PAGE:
However, there is one critical point which was highlighted in the ESMO-2020 Q&A session that only 14 patients were on 300 mg dose, out of 249 patients; the dose was decided based on the bodyweight estimation. The majority of patient (94%) had reduced dose, and moving further into the study period, the dose was also reduced to 100 mg for more than half of the patients. Now, although it is believed that the outcome and median PFS were consistent for all the patients, the dose reduction effect is something that needs to be further analyzed.
Niraparib is a poly (ADP-ribose) polymerase (PARP) inhibitor that is approved for use in heavily pretreated patients and as maintenance treatment of patients with newly diagnosed or recurrent ovarian cancer following response to platinum-based chemotherapy (CT).
The primary endpoint was progression-free survival (PFS), and the secondary endpoint was Patient-reported outcomes (PROs) which, were collected every 8 weeks for 56 weeks, then every 12 weeks thereafter while treatment was ongoing. Once a patient discontinued treatment, PRO evaluations were performed at the time of treatment discontinuation and then at 4, 8, 12, and 24 weeks (±1 week for each time point) after the end of treatment, regardless of the status of subsequent treatment.
As per the results, the compliance rates were high for all of the PRO instruments used in the study. PRO analysis of the EORTC-QLQ-C30 and EORTCQLQ-OV28 did not indicate a difference in health-related quality of life scores of patients treated with niraparib vs. placebo. Consistent with PRO results in the NOVA study, patients receiving niraparib in the PRIMA trial did not experience a decrease in quality of life than those receiving placebo.
SELECTIVE STORIES OF SETBACKS
A phase II trial has supported the efficacy of nivolumab in platinum-resistant ovarian cancer, but a randomized trial is required to confirm its efficacy.
This multicenter, open-label, randomized, phase III study investigated the efficacy and safety of nivolumab vs. gemcitabine or pegylated liposomal doxorubicin (GEM/PLD) in platinum-resistant ovarian cancer. The primary endpoint was overall survival (OS), and the secondary endpoints included progression-free survival (PFS) and safety.
The results demonstrated that the median OS was 10.12 (95% confidence interval [CI], 8.34–14.09) months with nivolumab (n = 157) and 12.09 (95% CI, 9.26–15.34) months with GEM/PLD (n = 159), with no statistically significant difference between the groups (hazard ratio [HR] 1.03, 95% CI, 0.80–1.32; p = 0.808). Median PFS was 2.04 (95% CI, 1.91–2.20) months with nivolumab and 3.84 (95% CI, 3.58–4.17) months with GEM/PLD (HR 1.46; 95% CI, 1.15–1.85; p = 0.002). There was no difference in the toxicity profile of nivolumab.
Nivolumab did not improve OS compared to GEM/PLD in patients with platinum-resistant ovarian cancer. Further subgroup analysis needs to be conducted to see if Nivolumab could show prolonged response with GEM/PLD in those who were responsive.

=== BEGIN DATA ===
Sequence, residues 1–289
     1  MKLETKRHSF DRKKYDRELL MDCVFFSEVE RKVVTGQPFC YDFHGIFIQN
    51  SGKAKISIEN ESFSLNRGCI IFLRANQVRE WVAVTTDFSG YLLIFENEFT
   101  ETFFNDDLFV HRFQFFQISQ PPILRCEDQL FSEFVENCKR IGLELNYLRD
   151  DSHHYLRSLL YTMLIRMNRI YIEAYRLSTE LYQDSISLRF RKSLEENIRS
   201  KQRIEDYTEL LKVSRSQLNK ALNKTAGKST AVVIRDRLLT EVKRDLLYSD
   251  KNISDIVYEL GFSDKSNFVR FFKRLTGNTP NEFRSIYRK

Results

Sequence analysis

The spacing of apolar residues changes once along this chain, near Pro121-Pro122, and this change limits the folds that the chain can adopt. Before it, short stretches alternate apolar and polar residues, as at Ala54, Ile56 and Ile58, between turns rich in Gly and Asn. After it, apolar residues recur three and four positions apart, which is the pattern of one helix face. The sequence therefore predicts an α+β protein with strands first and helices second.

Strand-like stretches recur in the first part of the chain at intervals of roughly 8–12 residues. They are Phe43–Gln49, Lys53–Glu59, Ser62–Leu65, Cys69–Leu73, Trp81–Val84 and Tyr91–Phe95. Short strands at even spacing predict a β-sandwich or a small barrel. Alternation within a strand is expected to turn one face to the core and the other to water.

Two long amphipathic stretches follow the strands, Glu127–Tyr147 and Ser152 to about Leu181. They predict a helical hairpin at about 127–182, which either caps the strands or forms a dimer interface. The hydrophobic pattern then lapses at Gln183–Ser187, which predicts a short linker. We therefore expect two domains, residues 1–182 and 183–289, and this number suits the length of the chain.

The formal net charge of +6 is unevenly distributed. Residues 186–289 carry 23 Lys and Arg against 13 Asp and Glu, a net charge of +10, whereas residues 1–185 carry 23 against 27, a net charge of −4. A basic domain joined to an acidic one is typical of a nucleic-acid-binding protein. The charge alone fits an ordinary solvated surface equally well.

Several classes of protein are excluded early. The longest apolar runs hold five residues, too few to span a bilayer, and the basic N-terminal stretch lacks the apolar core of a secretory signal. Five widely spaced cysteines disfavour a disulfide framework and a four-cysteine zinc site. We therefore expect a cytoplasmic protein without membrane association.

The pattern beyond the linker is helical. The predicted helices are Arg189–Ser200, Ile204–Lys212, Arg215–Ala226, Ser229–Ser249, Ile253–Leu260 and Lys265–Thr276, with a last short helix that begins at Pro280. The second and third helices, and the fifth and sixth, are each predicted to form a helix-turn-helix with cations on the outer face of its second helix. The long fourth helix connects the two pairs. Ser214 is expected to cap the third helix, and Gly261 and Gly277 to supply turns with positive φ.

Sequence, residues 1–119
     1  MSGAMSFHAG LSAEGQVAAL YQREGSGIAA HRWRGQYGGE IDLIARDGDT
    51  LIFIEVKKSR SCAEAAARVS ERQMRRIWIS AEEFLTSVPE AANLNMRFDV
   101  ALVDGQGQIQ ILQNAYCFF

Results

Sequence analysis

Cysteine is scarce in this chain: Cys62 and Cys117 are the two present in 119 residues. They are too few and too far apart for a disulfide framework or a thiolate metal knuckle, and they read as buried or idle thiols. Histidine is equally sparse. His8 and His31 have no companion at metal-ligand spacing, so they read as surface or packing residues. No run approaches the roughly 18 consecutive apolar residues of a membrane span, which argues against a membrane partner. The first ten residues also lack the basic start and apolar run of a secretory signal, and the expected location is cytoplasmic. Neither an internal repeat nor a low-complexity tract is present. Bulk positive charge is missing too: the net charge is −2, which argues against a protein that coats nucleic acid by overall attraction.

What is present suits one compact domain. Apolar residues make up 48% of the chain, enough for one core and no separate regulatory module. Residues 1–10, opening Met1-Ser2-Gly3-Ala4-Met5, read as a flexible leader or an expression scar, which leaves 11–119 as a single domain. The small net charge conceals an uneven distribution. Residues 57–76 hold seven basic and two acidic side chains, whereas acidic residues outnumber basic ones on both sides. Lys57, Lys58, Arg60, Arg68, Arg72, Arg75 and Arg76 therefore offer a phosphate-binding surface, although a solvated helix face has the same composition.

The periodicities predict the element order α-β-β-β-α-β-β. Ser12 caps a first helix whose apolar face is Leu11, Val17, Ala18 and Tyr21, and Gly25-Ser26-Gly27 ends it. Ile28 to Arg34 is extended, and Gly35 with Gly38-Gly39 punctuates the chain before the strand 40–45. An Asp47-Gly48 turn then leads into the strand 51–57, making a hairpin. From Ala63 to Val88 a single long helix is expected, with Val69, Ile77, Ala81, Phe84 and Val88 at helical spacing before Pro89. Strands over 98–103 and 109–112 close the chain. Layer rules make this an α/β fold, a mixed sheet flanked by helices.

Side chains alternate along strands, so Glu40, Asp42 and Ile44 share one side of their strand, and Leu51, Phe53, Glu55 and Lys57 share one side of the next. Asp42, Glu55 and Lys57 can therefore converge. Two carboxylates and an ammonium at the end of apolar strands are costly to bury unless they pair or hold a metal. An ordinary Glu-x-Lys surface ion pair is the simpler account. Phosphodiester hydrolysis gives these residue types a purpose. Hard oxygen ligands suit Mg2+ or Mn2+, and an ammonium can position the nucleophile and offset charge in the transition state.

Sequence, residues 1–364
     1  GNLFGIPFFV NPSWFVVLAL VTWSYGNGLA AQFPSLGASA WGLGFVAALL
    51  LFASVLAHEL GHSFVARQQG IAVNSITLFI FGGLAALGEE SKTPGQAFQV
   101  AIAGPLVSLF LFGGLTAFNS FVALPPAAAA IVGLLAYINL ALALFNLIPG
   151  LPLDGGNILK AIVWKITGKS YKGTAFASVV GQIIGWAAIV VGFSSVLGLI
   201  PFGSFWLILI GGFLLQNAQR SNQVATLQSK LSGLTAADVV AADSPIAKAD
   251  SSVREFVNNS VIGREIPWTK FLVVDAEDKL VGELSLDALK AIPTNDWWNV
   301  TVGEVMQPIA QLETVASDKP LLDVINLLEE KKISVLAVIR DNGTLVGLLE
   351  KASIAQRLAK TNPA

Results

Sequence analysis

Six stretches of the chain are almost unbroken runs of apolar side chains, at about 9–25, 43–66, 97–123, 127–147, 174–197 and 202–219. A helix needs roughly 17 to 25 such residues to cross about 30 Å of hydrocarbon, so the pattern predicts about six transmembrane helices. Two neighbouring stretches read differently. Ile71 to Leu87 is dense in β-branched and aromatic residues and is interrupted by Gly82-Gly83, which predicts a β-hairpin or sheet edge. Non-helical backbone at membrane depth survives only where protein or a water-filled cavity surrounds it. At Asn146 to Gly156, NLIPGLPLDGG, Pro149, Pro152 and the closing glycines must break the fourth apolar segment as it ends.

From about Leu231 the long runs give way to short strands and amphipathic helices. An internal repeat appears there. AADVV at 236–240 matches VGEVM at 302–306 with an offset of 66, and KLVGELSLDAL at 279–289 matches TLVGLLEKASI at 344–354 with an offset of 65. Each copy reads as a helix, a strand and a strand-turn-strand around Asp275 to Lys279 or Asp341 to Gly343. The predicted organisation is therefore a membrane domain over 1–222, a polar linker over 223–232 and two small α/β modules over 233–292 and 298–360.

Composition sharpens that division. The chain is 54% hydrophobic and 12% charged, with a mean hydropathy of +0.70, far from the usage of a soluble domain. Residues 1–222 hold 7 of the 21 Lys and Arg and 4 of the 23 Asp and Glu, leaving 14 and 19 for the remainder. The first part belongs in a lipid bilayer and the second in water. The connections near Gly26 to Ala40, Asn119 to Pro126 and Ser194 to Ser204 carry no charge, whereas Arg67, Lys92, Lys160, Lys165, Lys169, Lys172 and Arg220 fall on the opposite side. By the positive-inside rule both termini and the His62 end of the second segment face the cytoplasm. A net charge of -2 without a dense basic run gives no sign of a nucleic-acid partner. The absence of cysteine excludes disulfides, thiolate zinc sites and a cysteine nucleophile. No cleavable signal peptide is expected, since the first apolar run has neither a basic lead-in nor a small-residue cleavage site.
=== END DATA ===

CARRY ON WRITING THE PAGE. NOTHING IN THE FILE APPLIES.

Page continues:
The INternational OVArian cancer patients Trial with YONdelis (INOVATYON), is a randomized phase III international study performed for comparing trabectedin/PePLD followed by platinum at progression vs. Carboplatin/PLD in patients with recurrent ovarian cancer progressing within 6–12 months after last platinum line.
The primary endpoint was overall survival, while the secondary endpoint was progression-free survival.
This study did not meet its primary endpoint, i.e., improving OS with the sequential use of Trabectedin/PLD followed, at progression, by platinum over Carboplatin/PLD. PFS was longer with Carboplatin/PLD (HR: 1.26, 95% CI: [1.07–1.49], while PFS after the subsequent line (PFS-ST) was in favor of Trabectedin/PLD, mainly when platinum was administered (HR: 0.80; 95% CI [0.65–0.98]).
Platinum-based regimens remain standard of care in patients with recurrent ovarian cancer progressing 6–12 months after the last platinum line.
As per the expert comments, only 6% patients in this trial received PARP inhibitors; however, it can be speculated that resistance to PARP inhibitors translates to resistance to platinum, i.e., PARP inhibitor tends to induce platinum resistance whereas there is no data available regarding Trebectidin’s impact.
IMagyn050/GOG 3015/ENGOT-OV39 Trial
Roche presented the data from the pivotal trial of bevacizumab and atezolizumab in the ESMO 2020.
The study discussed the primary results from IMagyn050/GOG 3015/ENGOT-OV39, a double-blind placebo (pbo)-controlled randomized phase III trial of bevacizumab (bev)-containing therapy ± atezolizumab (atezo) for newly diagnosed stage III/IV ovarian cancer (OC).
The addition of atezolizumb to a chemotherapy + bevacizumab backbone did not significantly improve PFS vs. chemotherapy + bevacizumab alone in the ITT or PD-L1+ populations.
Moreover, the first interim OS analysis did not show a significant OS benefit with the addition of atezolizumab to chemotherapy + bevacizumab.
Final OS results are expected by 2023.